Goodnight Dark Knight, sayonara Spider-Man and adios Avengers. Put away your form-fitting pyjamas for another summer sequel: You’ve proved your point.
Hollywood’s major contribution to contemporary global popular culture is apocalyptic fantasies based on comic books, a genre that is keeping afloat a business (down 4 per cent in North American revenues in 2011) in a sea of piracy, competition from video on demand and wall-sized home televisions. Yet, quaintly, when autumn comes, those same studios produce an entirely different kind of product, with little in common beyond being projected on screens in movie theatres for about two hours.
Through the final third of 2012, Hollywood studios are turning an old page, from comic-book panels to the printed word. Even the fall’s blockbusters – Skyfall (the 23rd Bond film), Twilight: Breaking Dawn – Part 2 and The Hobbit: An Unexpected Journey – have their origins in books. We have everything from contemporaries novelists – Salman Rushdie (Midnight’s Children), David Mitchell (Cloud Atlas) – back to Jack Kerouac (On the Road), Charles Dickens (Great Expectations) and Victor Hugo (the musical version of Les Misérables).
The welcome miscellany of the offerings may be divided into three groups: the Bestseller List, which are the movies you can’t avoid knowing about, even if you don’t see them; the Literary Lights, movies that primarily exist as spinoffs from popular novels, old and new; and the Remainder Bin, focusing on some of the more promising and provocative art-house and indie films of the year.
THE BESTSELLER LIST
The Master (Oct. 12)
Paul Thomas Anderson should continue his roll as the most fascinating American director of the past 15 years (Boogie Nights, Magnolia, Punch-Drunk Love, There Will Be Blood) with this drama about the rise of a post-Second World War Scientology-like religious cult, starring Philip Seymour Hoffman, Amy Adams and Joaquin Phoenix.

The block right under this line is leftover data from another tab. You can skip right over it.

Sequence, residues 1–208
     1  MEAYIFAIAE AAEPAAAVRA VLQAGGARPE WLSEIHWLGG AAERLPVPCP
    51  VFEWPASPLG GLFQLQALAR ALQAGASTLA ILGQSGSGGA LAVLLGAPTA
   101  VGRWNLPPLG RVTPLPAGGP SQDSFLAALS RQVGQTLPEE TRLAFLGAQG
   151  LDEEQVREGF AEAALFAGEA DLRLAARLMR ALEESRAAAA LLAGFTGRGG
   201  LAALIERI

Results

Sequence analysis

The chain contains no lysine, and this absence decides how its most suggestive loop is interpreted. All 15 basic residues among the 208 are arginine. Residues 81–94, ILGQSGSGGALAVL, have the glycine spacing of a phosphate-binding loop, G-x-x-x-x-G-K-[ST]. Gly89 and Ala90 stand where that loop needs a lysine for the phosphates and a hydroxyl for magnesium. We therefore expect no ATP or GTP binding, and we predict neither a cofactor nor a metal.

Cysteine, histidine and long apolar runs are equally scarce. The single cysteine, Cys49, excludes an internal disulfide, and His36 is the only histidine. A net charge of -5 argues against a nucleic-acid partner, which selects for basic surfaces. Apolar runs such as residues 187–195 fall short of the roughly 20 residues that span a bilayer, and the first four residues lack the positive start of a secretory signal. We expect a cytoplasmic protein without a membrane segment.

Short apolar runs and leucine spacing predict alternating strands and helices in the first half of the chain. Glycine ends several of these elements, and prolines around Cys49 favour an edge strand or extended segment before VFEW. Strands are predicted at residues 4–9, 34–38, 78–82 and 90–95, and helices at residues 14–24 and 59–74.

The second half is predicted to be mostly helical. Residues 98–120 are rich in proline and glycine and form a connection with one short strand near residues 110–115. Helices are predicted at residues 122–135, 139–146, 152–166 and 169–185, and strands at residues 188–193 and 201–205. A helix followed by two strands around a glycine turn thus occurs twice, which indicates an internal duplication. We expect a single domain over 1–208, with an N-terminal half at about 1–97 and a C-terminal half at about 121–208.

Skyfall (Nov. 9)
The culmination of a campaign celebrating 50 years of Bond movies. Daniel Craig, who revived the series with Casino Royale (2006), promises that it will better than Quantum of Solace, which even he says did not work. Other points of interest: Sam Mendes (American Beauty, Jarhead) as director, with Roger Deakins as cinematographer and Javier Bardem, in another funny haircut, as the arch-villain.
Lincoln (Nov. 9)
Opening on the Friday following the Nov. 6 U.S. elections, Steven Spielberg’s drama about the Republican president whom Barack Obama takes as his role model can’t help but resonate with modern American ideological riffs. Tony Kushner (Angels in America) adapts Doris Kearns Goodwin’s 2005 book Team of Rivals, with the great Daniel Day-Lewis as the president.
The Twilight Saga: Breaking Dawn – Part 2 (Nov. 16)
Earning an unexpected extra bump by the summer breakup of its young stars, Kristen Stewart and Robert Pattinson, the blockbuster teen horror-romance series finally comes to a close. The last episode focuses on the fate of Bella and Edward’s oddly named baby, Renesmee, with more trouble promised from those sneery Volturi.
Silver Linings Playbook (Nov. 21)
This black comedy from David O’Russell (Flirting with Disaster, Three Kings) is based on Matthew Quick’s hit 2008 novel and has the Weinstein Company’s push behind it for possible Oscar contention. Bradley Cooper plays a high-school teacher, fresh out of a psychiatric hospital and forced to live with his parents (Robert De Niro, Jacki Weaver). His life is improved when he meets a young widow (Jennifer Lawrence), who seems just as eccentric as he is.
Hyde Park on Hudson (Dec. 7)
Another portrait of a beloved president, this time a Democrat, Franklin Delano Roosevelt, with Bill Murray going Oscar fishing as FDR and Laura Linney as his cousin and confidante, Margaret Suckley. Based on a BBC play, the film takes place over a weekend when King George VI (Samuel West) met with the President to get the Americans onside in the Second World War. Roger Michell (Notting Hill) directs.
The Hobbit: An Unexpected Journey (Dec. 14)